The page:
UiPath fires hundreds of employees: is the RPA market facing a crisis?

EXCLUSIVE: UiPath has fired “just under 400 employees”, according to a company spokesperson.

An internal source suggests that this came as a surprise, given the fact that the leading player in the RPA market has attracted $568 million in Series D funding this year. But the insider claims that the cash burn at the company “is significantly higher than any other RPA player” and is a factor in these redundancies.

In response, a UiPath spokesperson exclusively told Information Age that “while the business has grown at an incredible rate, it’s natural that we evaluate our teams and internal investments from time to time. In this case, we have made the decision to trim back in areas that don’t align with our current business focus. This has impacted less than 400 employees globally. But even with these changes, we have 50% more employees than on January 1 2019.”

“Pushed the hype far too far”

Commenting on the news, Phil Fersht, founder and CEO at HFS Research, told Information Age that “UiPath is realising to its cost that intelligent automation is a marathon, not a sprint. It pushed the hype around RPA far too aggressively.”

This represents a major credibility crisis for UiPath, valued at $6.4 billion this year, the burgeoning RPA market as a whole and highlights the systemic problem of chasing market share and over valuation.

Fersht said this is a similar story to the “investor scrutiny after the WeWork debacle [which] caught them cold, as they simply could not justify their burn rate of cash versus customer demand.”

RPA and intelligent automation is here to stay

But, despite this, RPA has a significant role to play in the future of automation. It has “some terrific benefits to support efficiencies and process transformations,” according to Fersht, although “it forms part of a broader toolbox as companies evaluate both automation and AI options.”

He continued: “Intelligent automation is here to stay, but enterprises need real help to adopt it at scale – the vast majority have failed to surpass five bot implementations. It is imperative that enterprises invest time and resources evaluating their business processes before taking the plunge buying software that will only deliver once the business cases has been defined.”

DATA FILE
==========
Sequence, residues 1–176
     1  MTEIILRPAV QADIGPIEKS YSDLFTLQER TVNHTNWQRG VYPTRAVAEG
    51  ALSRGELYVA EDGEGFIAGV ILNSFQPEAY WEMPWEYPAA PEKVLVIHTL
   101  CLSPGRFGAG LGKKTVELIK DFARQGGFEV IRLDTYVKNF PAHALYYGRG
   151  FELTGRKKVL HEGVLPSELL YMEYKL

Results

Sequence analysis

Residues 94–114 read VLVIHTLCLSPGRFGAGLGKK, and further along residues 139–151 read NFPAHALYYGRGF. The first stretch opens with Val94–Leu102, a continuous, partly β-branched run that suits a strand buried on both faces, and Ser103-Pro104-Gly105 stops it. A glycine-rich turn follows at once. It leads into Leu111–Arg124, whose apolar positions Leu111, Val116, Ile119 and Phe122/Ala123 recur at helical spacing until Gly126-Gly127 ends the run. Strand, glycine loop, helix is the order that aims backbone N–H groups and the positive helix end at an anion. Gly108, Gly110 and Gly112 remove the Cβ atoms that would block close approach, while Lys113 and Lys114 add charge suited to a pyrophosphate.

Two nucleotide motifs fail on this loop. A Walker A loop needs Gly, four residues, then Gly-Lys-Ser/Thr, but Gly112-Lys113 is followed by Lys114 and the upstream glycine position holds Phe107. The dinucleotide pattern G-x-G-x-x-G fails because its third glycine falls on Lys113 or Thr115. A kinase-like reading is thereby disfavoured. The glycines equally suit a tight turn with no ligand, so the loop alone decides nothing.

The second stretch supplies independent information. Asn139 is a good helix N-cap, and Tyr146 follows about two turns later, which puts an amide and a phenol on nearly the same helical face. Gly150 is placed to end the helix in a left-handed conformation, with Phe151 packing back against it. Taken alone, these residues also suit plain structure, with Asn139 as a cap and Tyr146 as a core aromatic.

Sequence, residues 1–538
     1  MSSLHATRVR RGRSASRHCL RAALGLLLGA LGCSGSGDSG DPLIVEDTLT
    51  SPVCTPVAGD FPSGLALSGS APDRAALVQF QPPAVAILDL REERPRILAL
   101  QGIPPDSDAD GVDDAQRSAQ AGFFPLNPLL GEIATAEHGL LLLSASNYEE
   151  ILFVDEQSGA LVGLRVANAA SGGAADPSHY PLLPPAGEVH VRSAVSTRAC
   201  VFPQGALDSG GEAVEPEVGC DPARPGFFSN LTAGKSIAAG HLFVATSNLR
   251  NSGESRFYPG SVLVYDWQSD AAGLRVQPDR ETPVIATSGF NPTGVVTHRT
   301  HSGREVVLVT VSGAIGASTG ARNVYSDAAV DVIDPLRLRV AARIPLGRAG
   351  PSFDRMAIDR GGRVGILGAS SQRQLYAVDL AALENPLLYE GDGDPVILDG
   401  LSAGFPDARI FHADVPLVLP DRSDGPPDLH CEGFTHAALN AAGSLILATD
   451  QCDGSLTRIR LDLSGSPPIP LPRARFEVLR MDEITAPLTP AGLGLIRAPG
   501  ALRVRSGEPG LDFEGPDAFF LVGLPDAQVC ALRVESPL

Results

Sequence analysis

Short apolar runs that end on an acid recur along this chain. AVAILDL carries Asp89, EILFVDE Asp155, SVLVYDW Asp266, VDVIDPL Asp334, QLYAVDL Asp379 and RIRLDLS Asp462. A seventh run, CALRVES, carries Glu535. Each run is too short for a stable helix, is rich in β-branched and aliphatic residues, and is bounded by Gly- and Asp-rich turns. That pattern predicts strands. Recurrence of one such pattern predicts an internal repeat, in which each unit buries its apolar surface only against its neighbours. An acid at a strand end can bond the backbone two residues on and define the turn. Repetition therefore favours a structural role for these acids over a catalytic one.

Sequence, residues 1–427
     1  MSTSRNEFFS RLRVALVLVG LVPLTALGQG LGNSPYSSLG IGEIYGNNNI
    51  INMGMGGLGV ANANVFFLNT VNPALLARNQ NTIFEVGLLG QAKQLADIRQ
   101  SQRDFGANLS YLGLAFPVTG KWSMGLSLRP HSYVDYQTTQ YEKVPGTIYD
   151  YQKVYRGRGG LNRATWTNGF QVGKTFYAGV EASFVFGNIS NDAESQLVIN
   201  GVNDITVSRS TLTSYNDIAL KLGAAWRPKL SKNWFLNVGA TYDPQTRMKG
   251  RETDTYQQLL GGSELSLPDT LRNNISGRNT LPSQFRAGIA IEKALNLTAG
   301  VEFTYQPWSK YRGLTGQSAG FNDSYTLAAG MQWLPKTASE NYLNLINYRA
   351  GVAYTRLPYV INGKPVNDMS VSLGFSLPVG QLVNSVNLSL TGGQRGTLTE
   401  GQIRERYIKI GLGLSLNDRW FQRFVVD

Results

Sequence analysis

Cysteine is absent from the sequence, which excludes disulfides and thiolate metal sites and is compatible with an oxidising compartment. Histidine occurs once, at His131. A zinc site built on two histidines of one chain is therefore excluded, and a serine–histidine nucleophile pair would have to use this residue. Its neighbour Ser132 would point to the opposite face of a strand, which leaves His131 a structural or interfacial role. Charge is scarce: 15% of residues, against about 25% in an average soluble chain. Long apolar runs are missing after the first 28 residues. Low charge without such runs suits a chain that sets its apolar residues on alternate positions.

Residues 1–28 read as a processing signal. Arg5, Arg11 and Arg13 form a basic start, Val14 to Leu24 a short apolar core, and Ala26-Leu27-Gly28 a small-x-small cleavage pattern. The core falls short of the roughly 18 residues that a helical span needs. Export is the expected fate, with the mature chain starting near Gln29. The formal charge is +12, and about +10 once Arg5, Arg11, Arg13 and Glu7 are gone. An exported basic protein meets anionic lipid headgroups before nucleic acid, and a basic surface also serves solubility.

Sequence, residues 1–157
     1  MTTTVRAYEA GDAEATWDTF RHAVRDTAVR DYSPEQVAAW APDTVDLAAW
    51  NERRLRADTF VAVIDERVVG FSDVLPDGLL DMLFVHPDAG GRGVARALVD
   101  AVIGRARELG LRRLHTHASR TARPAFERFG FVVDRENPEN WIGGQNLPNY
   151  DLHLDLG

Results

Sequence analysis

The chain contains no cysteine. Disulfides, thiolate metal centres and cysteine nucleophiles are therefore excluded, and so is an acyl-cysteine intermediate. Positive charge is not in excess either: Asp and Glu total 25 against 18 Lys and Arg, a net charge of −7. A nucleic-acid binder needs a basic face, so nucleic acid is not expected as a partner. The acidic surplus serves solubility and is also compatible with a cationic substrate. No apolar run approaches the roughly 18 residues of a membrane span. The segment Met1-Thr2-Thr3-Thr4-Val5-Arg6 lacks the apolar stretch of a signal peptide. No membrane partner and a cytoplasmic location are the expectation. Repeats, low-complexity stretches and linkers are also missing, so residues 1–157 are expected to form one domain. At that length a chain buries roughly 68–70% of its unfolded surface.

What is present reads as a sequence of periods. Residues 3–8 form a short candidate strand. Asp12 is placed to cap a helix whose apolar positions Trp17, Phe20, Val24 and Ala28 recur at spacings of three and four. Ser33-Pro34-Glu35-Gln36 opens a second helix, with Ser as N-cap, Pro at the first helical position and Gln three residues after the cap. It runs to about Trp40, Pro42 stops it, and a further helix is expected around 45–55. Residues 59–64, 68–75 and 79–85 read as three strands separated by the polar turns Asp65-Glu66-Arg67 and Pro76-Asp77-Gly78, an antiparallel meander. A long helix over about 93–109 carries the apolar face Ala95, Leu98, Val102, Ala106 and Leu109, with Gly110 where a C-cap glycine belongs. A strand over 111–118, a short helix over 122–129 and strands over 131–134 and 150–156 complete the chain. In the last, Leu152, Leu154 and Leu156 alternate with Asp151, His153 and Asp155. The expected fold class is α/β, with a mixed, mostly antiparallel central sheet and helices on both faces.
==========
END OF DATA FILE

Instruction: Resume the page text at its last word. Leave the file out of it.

Why RPA? Blue Prism chairperson tells Information Age why he thinks RPA is a game changer

Why RPA? Information Age spoke to Jason Kingdon, chairperson of Blue Prism. RPA is in it for the good he said and it’s going to transform business. Read here

IA analysis

This is a systemic problem and does not apply to just one company. In today’s ultra-competitive environment chasing market share is the most important goal for executive leadership teams. How can they achieve this? With a great product, innovative technology and the ability to solve a problem. But, a “land grab for logos”, while speeding up growth, is not a savvy business strategy. Revenue needs to be high quality and targeted, not smash and grab.

There is a major lesson to be learned here. Don’t push hype (guilty of many companies across industries) or over value your business — it’s a recipe for disaster and can lead to redundancies.

To be sure, UiPath will need to answer some serious questions around its conduct and strategy, but as the market leader it still has a huge role to play in this area. RPA, as well, will not die here. The technology has a fundamental role to play in the future of automation in the workplace and will contribute to the transformation of industries.

Avatar photo

Nick Ismail

Nick Ismail is a former editor for Information Age (from 2018 to 2022) before moving on to become Global Head of Brand Journalism at HCLTech. He has a particular interest in smart technologies, AI and...